Thursday, May 06, 2010

Sorry, That Number is no Longer in Service

Ever wonder what "big business" thinks of Obamacare and why they may be supportive of this change?

Perhaps it is because they can save a lot of money, and headache, by simply dropping health insurance for their workforce and paying the fine.

CNN/Money is reporting that folks like AT&T, Verizon and others are giving serious consideration to ending the long time practice of including health insurance in their wage package.

Internal documents recently reviewed by Fortune, originally requested by Congress, show what the bill's critics predicted, and what its champions dreaded: many large companies are examining a course that was heretofore unthinkable, dumping the health care coverage they provide to their workers in exchange for paying penalty fees to the government.

No reason to believe the rocket surgeons in Washington expected that to happen.

Some would say this was part of their master plan to take over health care. Personally, I don't believe they are that smart.

This follows the law of unintended consequences.

And here is the real kick in the ass. The penalties they collect won't even come close to funding Obamacare.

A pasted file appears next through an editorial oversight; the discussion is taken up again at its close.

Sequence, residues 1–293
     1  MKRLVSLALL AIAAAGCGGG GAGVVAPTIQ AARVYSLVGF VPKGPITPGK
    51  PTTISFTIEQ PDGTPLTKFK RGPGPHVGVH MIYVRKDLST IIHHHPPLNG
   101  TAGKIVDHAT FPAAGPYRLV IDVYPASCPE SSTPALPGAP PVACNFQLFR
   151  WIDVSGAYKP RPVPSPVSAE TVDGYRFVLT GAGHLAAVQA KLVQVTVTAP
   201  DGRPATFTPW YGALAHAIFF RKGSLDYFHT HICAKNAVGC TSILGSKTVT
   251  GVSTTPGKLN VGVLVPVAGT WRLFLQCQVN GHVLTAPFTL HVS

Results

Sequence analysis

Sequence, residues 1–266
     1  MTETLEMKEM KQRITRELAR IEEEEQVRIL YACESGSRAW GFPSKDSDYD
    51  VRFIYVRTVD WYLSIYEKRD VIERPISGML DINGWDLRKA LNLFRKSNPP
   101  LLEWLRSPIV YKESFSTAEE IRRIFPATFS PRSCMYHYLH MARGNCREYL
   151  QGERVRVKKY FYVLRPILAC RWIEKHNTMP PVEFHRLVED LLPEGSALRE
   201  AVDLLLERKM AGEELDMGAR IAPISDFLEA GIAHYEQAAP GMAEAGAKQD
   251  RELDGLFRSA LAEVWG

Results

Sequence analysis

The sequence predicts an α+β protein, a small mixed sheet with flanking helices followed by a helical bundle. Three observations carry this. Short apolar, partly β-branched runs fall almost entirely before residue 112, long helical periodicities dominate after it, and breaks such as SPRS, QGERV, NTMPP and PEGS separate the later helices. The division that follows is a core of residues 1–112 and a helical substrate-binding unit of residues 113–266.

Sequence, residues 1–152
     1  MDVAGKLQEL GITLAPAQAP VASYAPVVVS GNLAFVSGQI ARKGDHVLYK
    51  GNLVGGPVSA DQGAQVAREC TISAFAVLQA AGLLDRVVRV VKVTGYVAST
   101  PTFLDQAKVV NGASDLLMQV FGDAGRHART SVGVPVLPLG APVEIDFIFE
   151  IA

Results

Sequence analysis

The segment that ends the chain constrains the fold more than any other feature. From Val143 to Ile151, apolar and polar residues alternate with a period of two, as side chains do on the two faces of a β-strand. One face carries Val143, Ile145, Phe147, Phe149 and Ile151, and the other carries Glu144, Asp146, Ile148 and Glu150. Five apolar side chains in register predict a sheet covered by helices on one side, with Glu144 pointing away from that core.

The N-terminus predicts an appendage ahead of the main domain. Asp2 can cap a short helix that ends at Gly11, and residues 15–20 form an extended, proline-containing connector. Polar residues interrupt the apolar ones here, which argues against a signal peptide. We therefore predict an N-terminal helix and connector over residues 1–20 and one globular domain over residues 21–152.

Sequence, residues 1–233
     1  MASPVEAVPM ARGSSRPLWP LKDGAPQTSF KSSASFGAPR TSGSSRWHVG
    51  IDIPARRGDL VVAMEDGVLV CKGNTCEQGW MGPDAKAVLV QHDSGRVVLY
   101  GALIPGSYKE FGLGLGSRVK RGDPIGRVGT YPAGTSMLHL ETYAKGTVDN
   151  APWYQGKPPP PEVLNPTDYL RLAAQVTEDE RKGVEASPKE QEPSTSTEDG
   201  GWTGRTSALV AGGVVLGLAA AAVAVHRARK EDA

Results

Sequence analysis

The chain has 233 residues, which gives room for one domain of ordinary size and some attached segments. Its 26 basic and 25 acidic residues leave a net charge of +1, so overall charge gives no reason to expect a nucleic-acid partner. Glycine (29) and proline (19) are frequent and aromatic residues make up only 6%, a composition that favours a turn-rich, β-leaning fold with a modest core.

AT&T produced a PowerPoint slide entitled "Medical Cost Versus No Coverage Penalty." A document prepared for Verizon by consulting firm Hewitt Resources stated, "Even though the proposed assessments [on companies that do not provide health care] are material, they are modest when compared to the average cost of health care," and that to avoid costs and regulations, "employers may consider exiting the health care market and send employees to the Exchanges."

Reminds me of Alice's Restaurant where Office Obie walked in with "twenty seven eight-by-ten color glossy pictures with circles and arrows and a paragraph on the back of each one."

The difference here being, instead a judge walking in with a seeing eye dog it is the Congress Critters who won't be able to see what they have done.

In a competitive labor market, the employers that shed their plans will need to give their employees a big raise, and those raises could be higher, even after taxes, than the premiums the employees will pay in the exchanges.

Don't count on it Bocso. As long as unemployment remains high and the economy sluggish, I would not anticipate "big raises".

As Oliver Hardy was so fond of saying, this is another fine mess you have gotten us in to.
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